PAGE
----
SHAH ALAM: Palm oil for arms. It appears that we will have to resort to barter trade to buy new stuff for the military like back in 1993 and 2003 when we bought the Fulcrums and Flankers, respectively.
Defence Minister Mohamad Sabu said this in an interview on April 19.
From NST, from a Bernama report.
Defence Minister Mohamad Sabu said these countries had shown their readiness to accept palm oil in exchange for military equipment.
“We have been working towards a barter system and have received a positive response,” he told a press conference here today.
Mohamad said the acquisition of defence assets through barter could be a way to reduce the country’s financial burden.
The minister said he would be leaving for Russia tomorrow for a bilateral meeting with the Russian Defence Minister and barter trade would be among the issues to be discussed, adding that if successful, the barter trade could potentially raise the price of palm oil.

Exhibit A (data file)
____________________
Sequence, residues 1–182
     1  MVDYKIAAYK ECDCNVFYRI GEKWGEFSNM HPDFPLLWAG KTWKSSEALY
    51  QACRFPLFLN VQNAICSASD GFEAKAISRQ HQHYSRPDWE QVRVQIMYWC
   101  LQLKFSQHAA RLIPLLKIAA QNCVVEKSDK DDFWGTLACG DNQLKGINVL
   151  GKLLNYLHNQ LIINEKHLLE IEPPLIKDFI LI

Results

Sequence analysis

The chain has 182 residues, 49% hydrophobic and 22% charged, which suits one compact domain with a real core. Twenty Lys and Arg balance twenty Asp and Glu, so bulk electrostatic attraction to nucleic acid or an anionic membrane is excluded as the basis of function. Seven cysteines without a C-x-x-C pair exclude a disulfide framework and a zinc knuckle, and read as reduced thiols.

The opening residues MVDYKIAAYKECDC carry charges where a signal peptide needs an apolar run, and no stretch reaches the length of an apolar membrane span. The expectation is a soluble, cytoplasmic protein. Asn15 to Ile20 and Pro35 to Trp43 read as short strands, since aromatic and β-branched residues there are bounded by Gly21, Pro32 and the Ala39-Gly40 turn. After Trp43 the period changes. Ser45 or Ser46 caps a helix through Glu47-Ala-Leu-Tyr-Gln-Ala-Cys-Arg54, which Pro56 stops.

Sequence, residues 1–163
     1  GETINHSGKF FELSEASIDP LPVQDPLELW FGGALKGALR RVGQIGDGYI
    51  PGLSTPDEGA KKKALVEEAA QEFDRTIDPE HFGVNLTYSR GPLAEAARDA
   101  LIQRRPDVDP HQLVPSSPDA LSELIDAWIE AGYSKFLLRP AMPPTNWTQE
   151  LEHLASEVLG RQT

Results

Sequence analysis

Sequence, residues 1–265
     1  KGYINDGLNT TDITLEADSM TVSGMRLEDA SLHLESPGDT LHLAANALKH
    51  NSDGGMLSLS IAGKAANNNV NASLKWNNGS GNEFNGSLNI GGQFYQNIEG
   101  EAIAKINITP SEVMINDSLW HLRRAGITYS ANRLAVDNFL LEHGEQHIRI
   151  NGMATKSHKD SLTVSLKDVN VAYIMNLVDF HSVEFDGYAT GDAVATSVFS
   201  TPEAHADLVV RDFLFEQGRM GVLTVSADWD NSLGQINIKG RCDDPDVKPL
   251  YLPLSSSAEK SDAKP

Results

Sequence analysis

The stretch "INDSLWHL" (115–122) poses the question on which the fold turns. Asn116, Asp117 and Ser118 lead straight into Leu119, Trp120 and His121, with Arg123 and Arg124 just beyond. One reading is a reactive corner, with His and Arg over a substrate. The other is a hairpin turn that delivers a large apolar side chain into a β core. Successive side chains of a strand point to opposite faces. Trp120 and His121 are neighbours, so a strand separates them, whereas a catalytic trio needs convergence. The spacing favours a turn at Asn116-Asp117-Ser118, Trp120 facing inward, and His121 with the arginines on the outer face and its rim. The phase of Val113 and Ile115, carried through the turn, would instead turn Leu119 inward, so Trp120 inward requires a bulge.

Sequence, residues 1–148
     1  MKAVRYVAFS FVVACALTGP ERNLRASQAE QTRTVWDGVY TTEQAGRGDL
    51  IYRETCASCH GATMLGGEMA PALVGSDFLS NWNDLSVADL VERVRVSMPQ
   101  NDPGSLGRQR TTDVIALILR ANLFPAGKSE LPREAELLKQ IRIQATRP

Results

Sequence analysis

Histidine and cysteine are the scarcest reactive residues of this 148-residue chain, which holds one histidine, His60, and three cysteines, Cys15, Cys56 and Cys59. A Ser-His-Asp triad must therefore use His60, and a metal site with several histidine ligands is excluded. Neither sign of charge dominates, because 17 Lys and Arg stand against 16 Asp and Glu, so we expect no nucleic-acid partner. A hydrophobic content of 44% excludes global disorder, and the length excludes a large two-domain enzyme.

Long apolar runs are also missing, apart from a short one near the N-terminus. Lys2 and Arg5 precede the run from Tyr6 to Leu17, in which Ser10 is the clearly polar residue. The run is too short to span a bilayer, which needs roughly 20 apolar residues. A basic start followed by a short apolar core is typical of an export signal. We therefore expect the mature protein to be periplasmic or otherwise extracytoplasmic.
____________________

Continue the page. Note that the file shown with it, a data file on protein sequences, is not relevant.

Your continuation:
Commenting on Prime Minister Tun Dr Mahathir Mohamad’s statement last month on the possibility of Malaysia selecting non-European nations to procure military jets, Mohamad said the decision was not set in stone.
From the story, one might assumed that such purchases will be made purely by barter trade, which is not totally correct, of course. For example when we bought the Flankers back in 2003, we paid part of the deal with palm oil and a deal to blast a dentist into space and the rest with cash.
Sukhoi Su-30MKM from the 11th Squadron – M52-09 and M52-18.
There is nothing wrong in this of course but one has to wonder whether it is good to show our hands at this moment especially when the Defence Ministry is putting up a white paper.
Mig-29s over Subang as part of the flypast training on Dec. 19, 2016.
It must be noted that Russia already bought -either cash or barter trade- 90 per cent of its palm oil from Indonesia, which left us not much room to maneuver in this regard. Furthermore, if we buy from Russia, it is likely we will be slapped with sanctions from the US.
Yakovlev Yak-130 Mitten performing a display at LIMA 2019.
I guess we have not yet learnt the lessons we had for the last 30 years or so. And we are likely to repeat it.
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